Content & Copywriting

A Guide To Humanizing Your Email Marketing

Woman reading marketing emails in warm environment
Woman reading marketing emails in warm environment
Image source: Freepik

If you’ve worked in the email marketing space for any length of time at all, then you already know quite well what a greatly effective marketing tool email can be. Indeed, as noted in a recent article for the Financial Post, email marketing has the potential to generate $42 dollars for every one dollar spent.

That means that email marketing has the potential to generate some of the highest returns on investment (ROI) of any marketing channel. But not all email marketing campaigns are created equal. To get the most returns and ensure that your email campaigns live up to their fullest potential, you must be smart and strategic, both in your customer segmentation and in your messaging.

It’s not going to be enough, for example, simply to shoot out hundreds or thousands of the same boilerplate email messages and hope that something sticks. Rather, if you want your marketing emails to elicit responses and, above all, to increase conversions, then you need to use an approach that is at once targeted and human.

In other words, your audience needs to feel as if the message comes from a real human who is writing specifically for and to them. This article looks at the importance of humanizing your email marketing strategy and describes best practices for doing so.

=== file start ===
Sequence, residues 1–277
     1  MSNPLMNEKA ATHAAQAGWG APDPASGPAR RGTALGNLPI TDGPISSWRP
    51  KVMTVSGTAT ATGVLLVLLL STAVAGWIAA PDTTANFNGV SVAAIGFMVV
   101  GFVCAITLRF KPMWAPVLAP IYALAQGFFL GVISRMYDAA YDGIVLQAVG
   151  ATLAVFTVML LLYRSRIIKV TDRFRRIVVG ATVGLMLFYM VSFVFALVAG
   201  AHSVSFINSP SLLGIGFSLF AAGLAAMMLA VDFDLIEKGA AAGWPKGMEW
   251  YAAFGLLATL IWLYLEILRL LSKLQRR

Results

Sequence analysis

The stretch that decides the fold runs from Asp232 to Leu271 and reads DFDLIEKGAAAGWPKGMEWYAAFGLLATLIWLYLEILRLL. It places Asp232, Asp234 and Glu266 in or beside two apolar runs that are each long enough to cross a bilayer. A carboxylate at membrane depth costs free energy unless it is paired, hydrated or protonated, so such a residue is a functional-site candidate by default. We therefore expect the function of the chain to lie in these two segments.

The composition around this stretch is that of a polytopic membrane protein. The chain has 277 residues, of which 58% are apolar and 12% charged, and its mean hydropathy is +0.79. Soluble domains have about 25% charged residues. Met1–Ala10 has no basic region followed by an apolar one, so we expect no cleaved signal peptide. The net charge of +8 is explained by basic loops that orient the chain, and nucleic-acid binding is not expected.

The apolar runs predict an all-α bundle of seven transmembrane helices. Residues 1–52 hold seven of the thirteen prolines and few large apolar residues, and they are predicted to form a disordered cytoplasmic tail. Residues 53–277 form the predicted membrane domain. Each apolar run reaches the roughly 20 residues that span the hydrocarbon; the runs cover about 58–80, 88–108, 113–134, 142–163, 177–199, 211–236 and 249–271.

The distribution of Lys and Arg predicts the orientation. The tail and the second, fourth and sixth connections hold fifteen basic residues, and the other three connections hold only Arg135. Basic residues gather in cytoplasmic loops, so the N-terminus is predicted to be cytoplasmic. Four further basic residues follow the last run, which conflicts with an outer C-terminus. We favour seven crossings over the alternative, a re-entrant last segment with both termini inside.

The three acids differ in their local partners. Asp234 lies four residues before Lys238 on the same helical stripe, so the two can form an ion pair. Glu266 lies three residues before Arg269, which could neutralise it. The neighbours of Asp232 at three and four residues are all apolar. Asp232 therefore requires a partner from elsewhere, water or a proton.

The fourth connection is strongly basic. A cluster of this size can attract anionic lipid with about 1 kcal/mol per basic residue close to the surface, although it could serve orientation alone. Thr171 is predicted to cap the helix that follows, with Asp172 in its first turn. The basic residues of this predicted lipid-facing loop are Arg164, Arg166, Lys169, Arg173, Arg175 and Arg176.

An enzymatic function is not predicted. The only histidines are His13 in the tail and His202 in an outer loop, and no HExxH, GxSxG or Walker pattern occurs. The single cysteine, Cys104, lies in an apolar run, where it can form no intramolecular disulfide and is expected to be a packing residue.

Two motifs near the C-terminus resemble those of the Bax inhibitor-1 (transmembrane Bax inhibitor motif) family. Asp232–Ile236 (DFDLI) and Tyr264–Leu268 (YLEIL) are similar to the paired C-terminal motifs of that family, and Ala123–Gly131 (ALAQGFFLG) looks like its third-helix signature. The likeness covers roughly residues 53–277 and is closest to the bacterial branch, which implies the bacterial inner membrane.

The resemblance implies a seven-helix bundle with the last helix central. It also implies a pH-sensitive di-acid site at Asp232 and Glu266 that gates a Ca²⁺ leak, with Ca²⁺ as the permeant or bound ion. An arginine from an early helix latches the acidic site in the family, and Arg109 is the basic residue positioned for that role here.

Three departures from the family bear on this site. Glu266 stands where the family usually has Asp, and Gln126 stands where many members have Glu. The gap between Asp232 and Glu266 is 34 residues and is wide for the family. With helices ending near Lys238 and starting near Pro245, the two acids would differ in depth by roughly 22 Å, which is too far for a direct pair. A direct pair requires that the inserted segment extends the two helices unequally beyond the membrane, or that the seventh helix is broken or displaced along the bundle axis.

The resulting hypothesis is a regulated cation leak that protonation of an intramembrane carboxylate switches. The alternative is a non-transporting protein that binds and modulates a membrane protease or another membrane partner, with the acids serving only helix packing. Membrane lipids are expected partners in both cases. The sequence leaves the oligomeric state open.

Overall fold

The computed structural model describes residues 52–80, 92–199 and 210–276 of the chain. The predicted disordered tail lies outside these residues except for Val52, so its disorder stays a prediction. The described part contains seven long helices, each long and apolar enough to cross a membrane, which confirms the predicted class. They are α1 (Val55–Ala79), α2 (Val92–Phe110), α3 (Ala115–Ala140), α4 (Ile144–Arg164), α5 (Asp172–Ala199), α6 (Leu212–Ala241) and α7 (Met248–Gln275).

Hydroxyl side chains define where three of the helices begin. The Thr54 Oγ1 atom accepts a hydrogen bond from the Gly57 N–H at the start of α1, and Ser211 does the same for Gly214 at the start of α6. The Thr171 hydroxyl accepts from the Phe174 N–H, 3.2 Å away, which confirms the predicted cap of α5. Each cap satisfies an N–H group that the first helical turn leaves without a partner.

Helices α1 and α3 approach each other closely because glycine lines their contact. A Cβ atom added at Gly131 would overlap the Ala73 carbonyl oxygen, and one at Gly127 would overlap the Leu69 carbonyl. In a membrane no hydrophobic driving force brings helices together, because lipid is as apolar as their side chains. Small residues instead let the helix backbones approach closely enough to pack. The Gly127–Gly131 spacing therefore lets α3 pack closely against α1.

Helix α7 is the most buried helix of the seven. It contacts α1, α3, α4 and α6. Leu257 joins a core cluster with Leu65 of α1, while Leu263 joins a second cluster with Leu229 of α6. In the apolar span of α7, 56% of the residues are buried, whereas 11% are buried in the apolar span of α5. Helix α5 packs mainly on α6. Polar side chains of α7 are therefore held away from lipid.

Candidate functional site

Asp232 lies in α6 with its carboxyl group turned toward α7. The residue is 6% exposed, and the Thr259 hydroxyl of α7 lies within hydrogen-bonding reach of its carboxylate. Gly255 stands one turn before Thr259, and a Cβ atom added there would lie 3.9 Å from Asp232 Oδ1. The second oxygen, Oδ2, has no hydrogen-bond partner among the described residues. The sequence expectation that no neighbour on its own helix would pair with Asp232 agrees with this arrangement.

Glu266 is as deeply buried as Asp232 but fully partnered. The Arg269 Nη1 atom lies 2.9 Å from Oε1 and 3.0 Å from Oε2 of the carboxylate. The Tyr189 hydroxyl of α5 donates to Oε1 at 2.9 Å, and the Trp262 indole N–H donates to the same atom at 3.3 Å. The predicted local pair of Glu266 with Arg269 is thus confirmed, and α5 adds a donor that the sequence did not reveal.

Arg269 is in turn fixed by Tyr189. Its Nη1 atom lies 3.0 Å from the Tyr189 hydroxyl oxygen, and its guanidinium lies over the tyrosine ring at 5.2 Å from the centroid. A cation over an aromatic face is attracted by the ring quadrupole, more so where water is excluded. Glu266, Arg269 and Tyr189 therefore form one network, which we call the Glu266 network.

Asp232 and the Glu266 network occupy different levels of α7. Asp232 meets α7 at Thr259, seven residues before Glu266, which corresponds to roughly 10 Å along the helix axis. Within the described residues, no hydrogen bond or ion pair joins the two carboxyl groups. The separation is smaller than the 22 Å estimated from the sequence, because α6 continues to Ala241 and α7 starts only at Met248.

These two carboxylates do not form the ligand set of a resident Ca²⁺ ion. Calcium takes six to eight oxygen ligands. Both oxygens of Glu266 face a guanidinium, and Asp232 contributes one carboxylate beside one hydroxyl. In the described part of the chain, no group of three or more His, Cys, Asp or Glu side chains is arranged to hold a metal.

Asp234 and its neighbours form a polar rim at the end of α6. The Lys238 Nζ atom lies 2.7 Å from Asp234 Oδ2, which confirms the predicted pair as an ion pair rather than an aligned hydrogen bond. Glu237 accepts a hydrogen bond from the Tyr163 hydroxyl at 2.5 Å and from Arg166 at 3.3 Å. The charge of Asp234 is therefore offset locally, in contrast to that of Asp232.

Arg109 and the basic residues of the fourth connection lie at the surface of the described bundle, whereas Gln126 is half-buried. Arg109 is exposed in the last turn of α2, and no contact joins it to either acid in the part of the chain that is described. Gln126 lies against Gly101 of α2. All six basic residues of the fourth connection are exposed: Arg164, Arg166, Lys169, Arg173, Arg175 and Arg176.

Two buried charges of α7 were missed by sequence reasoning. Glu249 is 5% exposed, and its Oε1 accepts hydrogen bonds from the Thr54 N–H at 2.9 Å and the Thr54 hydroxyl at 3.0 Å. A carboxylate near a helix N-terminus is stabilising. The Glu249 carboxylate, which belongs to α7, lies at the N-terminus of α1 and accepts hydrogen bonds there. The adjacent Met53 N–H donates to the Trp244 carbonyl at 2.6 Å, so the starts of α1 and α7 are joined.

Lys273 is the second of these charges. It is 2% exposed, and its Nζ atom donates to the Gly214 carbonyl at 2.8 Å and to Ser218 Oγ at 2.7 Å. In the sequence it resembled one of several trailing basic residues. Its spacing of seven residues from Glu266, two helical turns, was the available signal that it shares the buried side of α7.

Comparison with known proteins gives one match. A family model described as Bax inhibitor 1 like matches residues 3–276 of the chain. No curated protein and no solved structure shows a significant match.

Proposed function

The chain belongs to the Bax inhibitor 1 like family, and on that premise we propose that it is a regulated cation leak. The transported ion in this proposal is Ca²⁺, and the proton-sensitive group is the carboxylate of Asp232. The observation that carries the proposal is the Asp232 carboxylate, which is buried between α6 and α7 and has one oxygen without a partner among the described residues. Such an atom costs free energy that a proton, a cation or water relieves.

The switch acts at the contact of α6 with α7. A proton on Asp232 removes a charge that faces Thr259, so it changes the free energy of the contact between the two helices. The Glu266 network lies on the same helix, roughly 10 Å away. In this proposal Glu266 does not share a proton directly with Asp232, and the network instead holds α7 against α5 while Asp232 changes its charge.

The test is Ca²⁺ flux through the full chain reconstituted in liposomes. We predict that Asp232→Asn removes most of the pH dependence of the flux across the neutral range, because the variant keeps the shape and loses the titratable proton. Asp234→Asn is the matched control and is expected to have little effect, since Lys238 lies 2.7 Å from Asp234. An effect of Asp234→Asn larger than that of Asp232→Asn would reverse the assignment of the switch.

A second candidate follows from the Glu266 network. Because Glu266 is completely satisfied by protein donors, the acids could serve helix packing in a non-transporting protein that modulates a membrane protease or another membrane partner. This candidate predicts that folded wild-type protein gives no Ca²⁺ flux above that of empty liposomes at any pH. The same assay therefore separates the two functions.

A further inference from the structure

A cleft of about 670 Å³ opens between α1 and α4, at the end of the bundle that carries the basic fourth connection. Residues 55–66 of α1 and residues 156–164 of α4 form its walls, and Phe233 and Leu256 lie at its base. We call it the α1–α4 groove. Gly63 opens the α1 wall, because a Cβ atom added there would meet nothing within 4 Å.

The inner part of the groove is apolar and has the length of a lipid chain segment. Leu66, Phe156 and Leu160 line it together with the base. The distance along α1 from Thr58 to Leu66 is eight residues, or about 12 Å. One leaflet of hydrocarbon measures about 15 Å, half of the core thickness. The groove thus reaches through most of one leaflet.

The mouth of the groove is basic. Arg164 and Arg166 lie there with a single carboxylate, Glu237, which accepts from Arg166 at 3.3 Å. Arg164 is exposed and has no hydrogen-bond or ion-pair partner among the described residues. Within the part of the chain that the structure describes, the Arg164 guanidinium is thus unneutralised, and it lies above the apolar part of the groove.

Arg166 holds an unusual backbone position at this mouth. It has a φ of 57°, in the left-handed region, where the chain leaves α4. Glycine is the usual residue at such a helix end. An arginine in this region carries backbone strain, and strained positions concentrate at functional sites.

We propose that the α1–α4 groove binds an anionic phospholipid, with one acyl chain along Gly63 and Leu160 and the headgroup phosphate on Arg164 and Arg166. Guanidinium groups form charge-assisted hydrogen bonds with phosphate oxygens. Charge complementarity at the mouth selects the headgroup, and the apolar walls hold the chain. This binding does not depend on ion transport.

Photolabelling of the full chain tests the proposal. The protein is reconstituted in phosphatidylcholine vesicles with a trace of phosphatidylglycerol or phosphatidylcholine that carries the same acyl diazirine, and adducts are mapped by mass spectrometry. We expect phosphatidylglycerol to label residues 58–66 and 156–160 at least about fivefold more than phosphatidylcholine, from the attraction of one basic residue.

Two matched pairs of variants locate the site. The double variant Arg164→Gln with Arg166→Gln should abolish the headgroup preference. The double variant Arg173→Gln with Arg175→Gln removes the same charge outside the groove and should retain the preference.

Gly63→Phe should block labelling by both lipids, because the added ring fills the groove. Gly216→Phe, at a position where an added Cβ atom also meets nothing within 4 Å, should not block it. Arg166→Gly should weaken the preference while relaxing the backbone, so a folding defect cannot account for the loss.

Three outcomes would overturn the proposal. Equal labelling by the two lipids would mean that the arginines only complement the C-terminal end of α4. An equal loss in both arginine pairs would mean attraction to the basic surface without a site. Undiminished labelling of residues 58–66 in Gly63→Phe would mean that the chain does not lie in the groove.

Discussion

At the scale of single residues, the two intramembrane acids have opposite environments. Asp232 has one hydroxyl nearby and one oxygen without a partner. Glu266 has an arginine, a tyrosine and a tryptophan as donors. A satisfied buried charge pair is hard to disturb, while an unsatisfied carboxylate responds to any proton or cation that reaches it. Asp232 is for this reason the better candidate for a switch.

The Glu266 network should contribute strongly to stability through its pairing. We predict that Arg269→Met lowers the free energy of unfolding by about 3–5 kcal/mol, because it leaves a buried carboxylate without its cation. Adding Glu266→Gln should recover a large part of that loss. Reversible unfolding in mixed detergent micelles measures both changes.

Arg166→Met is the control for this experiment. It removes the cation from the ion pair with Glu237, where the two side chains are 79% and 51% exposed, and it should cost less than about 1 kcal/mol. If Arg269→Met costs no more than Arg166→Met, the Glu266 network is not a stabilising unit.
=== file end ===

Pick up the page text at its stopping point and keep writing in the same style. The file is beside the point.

Use Culturally Aware Language

Humans are social animals. That’s not news. But what you might not have considered is the diversity and nuance of the social contexts in which your target audiences live. 

This means that if you truly want your audiences to feel known, understood, and cared for, you need to reach out to them in culturally-appropriate ways. From your rhetorical and linguistic choices to your cultural references to the needs and values you espouse in your content, a community-focused approach is key.

After all, you can’t expect to effectively communicate, let alone build relationships, with your audience if you don’t first understand how they communicate and about what.

Another example of culturally aware language is avoiding stereotypes and generalizations. It’s important to recognize that different cultures have different values and beliefs, and using stereotypes or generalizations can be seen as disrespectful. Culturally aware language also shows being aware of cultural references and nuances. For example, using a reference to a popular television show may be effective in one culture but may not resonate with another. 

Using humor in marketing is also a very common way to engage your audience. In this case, however, you should also carefully approach the subject of the joke and the way you word it. 

Different people reading marketing emails on different devices
Source: Freepik

Employ Personalization 

There are few things more off-putting than getting a marketing email that feels like it’s been written by and for a stranger or, worse, for an audience of thousands of strangers. That’s why personalizing your marketing emails is a must.

The good news is that you don’t have to devote every waking hour to researching every single individual on your contact list. Rather, you can leverage a whole host of automation technologies, many of them powered by sophisticated artificial intelligence systems (AI), to make personalization efficient and effective. 

For example, you might use automation systems to combine your email marketing and customer relationship management (CRM) platforms.